Then the period of partial decompensation begins. Signs of xerostomia become more pronounced, which is manifested by constant dry mouth, speech and eating are difficult. Patients already at this stage feel dry mouth during meals, so they wash down dry food with water. The mucous membrane of the oral cavity is slightly moistened, has a pale pink hue and glitters.
The III degree of xerostomia is characterized by complete suppression of the functions of the salivary glands. Patients complain of a sharp dry mouth, soreness during conversation and eating. Glossitis, stomatitis are added; due to the dryness of the mucous membrane, the oral cavity is covered with ulcers and erosions. Lips are also dry and flaky, sometimes covered with crusts. If the cause of xerostomia is dysfunction of the salivary glands, then often in addition to dry mouth, multiple caries is noted.
In addition to the main manifestations of xerostomia, thirst, problems with swallowing food and fetid breathing can be observed. Patients often suffer from angina, and during the recovery period, hoarseness and sore throat cause discomfort and are the main cause of speech problems. In patients with xerostomia, the tongue becomes bright red, there are jams and cracks in the corners of the mouth, which are often infected. At the stage of partial compensation and at the stage of decompensation, dryness in the nasal passages appears, carious disease joins, periodontal pathologies are possible. If patients wear removable dentures, then there are difficulties with their operation and frequent injuries to the oral mucosa.
Diagnosis and treatment
Diagnosis of xerostomias includes a detailed survey of the patient in order to find out what drugs he took, including without a doctor’s prescription. Additionally, ultrasound of the salivary glands and sialography are performed.
Symptomatic therapy for xerostomias greatly facilitates the patient’s condition, but after discontinuation of treatment, manifestations of xerostomias reappear. Therefore, it is important for the dentist to establish the main cause of this symptom. Xerostomias that have arisen as a result of taking medications, dehydration are quickly amenable to correction. Whereas xerostomia after radiation therapy is almost impossible to eliminate, since radiation can reduce the ability of the salivary glands to produce saliva.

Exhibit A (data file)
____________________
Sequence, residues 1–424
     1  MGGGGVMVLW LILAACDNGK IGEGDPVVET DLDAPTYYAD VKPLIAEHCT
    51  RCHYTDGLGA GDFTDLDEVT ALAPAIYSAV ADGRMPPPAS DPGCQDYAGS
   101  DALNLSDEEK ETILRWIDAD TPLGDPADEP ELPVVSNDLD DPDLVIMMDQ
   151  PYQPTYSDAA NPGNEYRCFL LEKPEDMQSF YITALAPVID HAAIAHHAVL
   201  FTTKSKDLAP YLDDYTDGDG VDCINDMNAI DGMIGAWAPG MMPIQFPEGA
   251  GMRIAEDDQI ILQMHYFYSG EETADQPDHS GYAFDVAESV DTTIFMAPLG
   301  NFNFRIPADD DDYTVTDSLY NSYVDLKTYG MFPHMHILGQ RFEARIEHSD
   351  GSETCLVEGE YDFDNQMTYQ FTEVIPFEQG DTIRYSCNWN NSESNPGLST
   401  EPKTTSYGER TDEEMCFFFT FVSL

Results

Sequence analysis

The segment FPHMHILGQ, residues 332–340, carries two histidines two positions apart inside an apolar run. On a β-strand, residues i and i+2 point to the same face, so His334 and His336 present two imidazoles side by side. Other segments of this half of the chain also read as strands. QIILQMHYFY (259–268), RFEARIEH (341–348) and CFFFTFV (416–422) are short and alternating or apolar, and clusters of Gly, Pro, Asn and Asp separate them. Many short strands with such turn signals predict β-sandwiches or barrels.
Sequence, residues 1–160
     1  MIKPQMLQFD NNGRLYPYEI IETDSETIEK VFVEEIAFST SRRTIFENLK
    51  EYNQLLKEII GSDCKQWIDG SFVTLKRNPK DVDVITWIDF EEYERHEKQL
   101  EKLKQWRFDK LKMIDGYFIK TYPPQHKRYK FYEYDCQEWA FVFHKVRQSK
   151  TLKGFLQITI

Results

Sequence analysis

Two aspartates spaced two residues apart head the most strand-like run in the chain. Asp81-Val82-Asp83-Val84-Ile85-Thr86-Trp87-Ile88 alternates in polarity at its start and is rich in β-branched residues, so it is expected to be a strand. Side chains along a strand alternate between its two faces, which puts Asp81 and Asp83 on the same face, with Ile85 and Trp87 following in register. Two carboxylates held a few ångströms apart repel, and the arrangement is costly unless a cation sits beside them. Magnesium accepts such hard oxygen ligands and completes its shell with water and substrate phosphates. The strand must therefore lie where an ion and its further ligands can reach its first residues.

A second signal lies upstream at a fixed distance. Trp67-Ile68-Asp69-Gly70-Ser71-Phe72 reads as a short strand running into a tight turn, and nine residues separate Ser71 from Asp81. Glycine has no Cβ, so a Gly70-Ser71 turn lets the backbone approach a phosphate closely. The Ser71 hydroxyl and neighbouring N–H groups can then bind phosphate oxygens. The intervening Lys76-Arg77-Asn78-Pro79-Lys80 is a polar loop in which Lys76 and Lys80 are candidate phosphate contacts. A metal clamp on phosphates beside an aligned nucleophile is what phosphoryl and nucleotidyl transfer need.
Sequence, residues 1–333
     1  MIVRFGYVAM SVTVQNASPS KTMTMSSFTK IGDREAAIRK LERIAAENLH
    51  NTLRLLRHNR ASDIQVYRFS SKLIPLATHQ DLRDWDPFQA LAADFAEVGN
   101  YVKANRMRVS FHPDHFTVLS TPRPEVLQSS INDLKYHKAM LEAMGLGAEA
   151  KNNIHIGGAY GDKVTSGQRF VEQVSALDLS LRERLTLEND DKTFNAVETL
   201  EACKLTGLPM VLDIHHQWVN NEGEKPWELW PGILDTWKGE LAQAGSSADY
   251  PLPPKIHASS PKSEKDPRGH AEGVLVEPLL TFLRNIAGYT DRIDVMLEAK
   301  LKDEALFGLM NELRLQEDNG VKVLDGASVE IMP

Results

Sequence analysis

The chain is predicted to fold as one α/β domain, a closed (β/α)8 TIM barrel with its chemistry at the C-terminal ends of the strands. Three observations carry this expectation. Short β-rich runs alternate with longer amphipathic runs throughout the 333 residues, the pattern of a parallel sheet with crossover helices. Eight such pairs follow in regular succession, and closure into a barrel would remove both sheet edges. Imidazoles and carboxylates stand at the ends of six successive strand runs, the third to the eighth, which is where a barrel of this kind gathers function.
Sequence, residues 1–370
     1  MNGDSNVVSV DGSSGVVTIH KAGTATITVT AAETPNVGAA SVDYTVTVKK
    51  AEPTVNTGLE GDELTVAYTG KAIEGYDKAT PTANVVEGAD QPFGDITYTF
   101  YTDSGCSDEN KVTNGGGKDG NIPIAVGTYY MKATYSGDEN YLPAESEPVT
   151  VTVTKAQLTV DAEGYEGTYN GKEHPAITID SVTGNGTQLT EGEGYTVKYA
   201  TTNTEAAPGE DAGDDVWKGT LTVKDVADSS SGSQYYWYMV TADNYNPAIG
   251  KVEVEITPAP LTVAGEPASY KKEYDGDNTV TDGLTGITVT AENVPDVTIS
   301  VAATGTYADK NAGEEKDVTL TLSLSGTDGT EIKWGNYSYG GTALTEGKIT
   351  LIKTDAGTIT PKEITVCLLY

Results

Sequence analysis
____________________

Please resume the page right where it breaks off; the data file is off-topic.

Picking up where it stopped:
Pathogenetic therapy of xerostomias is aimed at eliminating the causes of dry mouth. To improve the condition, solutions of potassium iodide, pilocarpine and galantamine are prescribed. Lubrication of the oral cavity with vitamin A solution helps both to reduce the symptoms of dryness and to heal wounds and microcracks. Novocaine blockades in the parotid and submandibular salivary glands and physiotherapy procedures, such as galvanotherapy of the salivary glands, electrophoresis with potassium iodide and vibration massage, can improve the patient’s condition even with xerostomias in the decompensation stage.
In order for the oral cavity to always be moistened, it is recommended to drink water often in small portions. Non-carbonated mineral or drinking water, if you drink it during the day and during night awakenings, is a symptomatic remedy, but significantly improves the condition of the oral mucosa. Sugar-free hard candies help to improve the functioning of the salivary glands and increase the total volume of saliva. Usually, patients with xerostomia chew chewing gum, this helps to increase salivation, but sugar-free chewing gum should be recommended to reduce the likelihood of caries.
With xerostomias, it is necessary to avoid eating salty and dry foods, as well as foods and beverages with caffeine and high sugar content. Alcoholic beverages and alcohol-containing mouthwash dry the mucous membrane and cause hyposalivation. Patients with xerostomia are recommended to give up smoking, use oral moisturizers and toothbrushes with soft bristles so as not to injure the thinned and dry oral mucosa.
After successful elimination of the symptoms of xerostomia, it is necessary to avoid relapses. This is achieved through rational drug treatment of diseases, it is necessary to use those drugs that do not affect the work of the salivary glands. The prognosis for xerostomies is determined by the nature of the underlying disease and the degree of dysfunction of the salivary glands. But in all cases, except for complete atrophy of the salivary glands, it is possible to achieve a significant improvement in the condition or complete cure.